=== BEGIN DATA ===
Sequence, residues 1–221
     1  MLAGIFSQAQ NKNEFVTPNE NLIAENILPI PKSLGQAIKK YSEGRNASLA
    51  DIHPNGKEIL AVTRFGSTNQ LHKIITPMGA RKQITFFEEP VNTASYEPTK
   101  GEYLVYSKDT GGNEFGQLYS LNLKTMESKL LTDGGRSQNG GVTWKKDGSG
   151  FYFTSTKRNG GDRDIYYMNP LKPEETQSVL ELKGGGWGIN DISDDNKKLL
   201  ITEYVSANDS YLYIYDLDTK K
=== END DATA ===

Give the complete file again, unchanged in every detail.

Sequence, residues 1–221
     1  MLAGIFSQAQ NKNEFVTPNE NLIAENILPI PKSLGQAIKK YSEGRNASLA
    51  DIHPNGKEIL AVTRFGSTNQ LHKIITPMGA RKQITFFEEP VNTASYEPTK
   101  GEYLVYSKDT GGNEFGQLYS LNLKTMESKL LTDGGRSQNG GVTWKKDGSG
   151  FYFTSTKRNG GDRDIYYMNP LKPEETQSVL ELKGGGWGIN DISDDNKKLL
   201  ITEYVSANDS YLYIYDLDTK K